The Violence of Forgetting: The Divers’ Game by Jesse Ball

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In Book VI of the Aeneid, Anchises shows his son the famous river of the underworld, the “care-less drafts of long forgetfulness” that make up the river Lethe. Shades gather on either side of its banks seeking a second chance at corporeal life. Before exiting Hades, they must wipe their memories clean. Aeneas is astonished. “Are they madmen? Why this wild longing for the light of earth? Why endure the mortal coil yet again?” The name Lethe comes from the Greek for “oblivion” or “forgetfulness.” For Virgil’s shades, to seek oblivion is to seek out the same mistakes, the same prejudice, the same violence, the same suffering. Consider, too, the Greek verb λήθω from the same root: “I escape notice” or “I am hidden.” Lethe is also an act of elision; Lethe is not carelessness or bliss, but evasion, a decision—forgetting with the intent to repeat.

In his latest work of fiction, The Divers’ Game, a carnivalesque novel of historical amnesia and uncanny violence, Jesse Ball names his first of several protagonists after the river of forgetfulness. Like her namesake, Lethe’s first action is to escape notice, and by the time her story ends, she is lost again. “If we look for her, if we run up the stairs, cast open her door, and look in her bed, she is not there.” Lethe joins Ball’s pantheon of child narrators and mischief-makers like Lucia Stanton in How to Set A Fire and Why and Molly in The Curfew, reminiscent of Robert Walser’s Jakob von Gunten or Ágota Kristóf’s Claus and Lucas.

Ball’s world of parades and terrible tribalism has forsaken the “charades” of fairness and equality. “As much as we like to think there can be fairness, it is really a foolish idea, one we ought to have done away with long ago,” says Ball’s omniscient narrator, who occasionally (and sometimes inexplicably) reveals himself in the first person. “Humans of the past were often hobbled when they saw other humans and felt themselves like to them. Was this not the cause of so many wars?” Society has been divided into “pats”—lawful citizens—and “quads” who live outside the city limits. Pats may harm quads in any way they wish, and do so with abandon using weaponized canisters of gas that can paralyze, murder, or make a victim ill, encouraged by propaganda that spews out of fountains and subway intercoms in neat iambs. (“If trouble comes / Like quad scum— / Your mask put on! / Your mask put on! / The gas shall flow / A cloud to grow / And lay them low / The lowest at our feet.”) Quads are branded as dangerous criminals born to be loathed and feared. Adults and children alike wear gas masks described in the same parlance as designer purses. Lethe and her nearly indistinguishable friend, Lois, behave with moral naivety, pondering murder with the same gravitas as schoolwork. Their collective voice is unsentimental, though effortlessly curious.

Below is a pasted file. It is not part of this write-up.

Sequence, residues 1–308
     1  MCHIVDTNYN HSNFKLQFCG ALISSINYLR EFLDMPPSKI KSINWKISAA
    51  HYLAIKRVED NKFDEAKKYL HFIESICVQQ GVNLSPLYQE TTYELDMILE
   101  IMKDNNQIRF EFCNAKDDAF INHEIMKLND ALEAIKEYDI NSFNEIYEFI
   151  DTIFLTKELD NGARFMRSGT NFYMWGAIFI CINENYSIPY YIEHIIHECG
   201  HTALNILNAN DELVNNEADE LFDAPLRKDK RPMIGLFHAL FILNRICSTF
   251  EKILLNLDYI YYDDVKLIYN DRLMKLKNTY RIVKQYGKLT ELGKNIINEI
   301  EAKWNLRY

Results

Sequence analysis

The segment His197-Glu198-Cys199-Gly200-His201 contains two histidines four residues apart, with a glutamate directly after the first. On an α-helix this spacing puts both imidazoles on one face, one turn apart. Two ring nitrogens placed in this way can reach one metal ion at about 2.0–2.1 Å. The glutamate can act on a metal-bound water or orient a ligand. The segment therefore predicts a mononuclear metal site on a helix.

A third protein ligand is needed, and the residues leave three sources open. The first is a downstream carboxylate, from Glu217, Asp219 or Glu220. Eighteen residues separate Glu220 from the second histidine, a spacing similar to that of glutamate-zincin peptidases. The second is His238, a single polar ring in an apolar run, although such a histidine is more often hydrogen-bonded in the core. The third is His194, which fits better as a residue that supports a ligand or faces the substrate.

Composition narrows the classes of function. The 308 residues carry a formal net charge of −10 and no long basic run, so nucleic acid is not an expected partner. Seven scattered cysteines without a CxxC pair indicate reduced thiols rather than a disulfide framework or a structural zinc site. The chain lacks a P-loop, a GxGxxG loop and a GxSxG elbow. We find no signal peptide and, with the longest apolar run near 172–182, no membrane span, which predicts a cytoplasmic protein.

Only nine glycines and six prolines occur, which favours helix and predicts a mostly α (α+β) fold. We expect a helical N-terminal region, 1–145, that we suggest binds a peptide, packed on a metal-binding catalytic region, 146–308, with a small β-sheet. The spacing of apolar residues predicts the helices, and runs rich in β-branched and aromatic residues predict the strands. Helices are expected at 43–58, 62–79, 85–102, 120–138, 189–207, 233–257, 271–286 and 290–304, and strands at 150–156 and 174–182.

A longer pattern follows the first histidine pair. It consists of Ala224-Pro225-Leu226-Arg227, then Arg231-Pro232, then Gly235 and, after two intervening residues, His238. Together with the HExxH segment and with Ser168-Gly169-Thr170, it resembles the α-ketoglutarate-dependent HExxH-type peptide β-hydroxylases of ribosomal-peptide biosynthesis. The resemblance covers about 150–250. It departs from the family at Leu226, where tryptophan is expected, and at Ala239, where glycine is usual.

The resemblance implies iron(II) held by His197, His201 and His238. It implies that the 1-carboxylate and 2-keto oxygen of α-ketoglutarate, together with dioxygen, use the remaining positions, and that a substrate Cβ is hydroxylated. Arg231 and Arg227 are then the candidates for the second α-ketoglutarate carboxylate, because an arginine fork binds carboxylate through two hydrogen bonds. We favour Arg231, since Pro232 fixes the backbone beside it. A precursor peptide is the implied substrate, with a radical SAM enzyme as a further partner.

According to Mandred, Lethe’s and Lois’s grieving alcoholic teacher (rumored to have lost his wife by suicide), the new moral order began notably with a “famous influx of refugees—so many they could not help but change us. We were forced by them to change.” The government brands refugees with tattoos and severs their thumbs to distinguish them from citizens as they are corralled into quadrants outside of the city limits known as “precivilized space.” A second proposal disbands the prison system and moves all prisoners to the outer quadrants in an effort to further conflate refugees and criminals, who are thereafter simply lumped together as quads. As Ball writes: “How much we like to be distinguished from those who are not our equals.”

Here’s Mandred on the reasoning that made such laws possible, a sample of the upside-down logic of Ball’s prose:

There is a philosophical position that came into vogue, it is what we call in philosophy an awakening, a large-scale shift in belief: that things done to those beneath are not properly violence. It was a new definition of violence, and helped to create a vibrant morality, one that infuses our nation to this day. Our morality is what we do. Do you all understand that? But if what we do ceases to be violence, let us say it is the same, but it is no longer violence: then we are not violent; we are no longer doers of violence.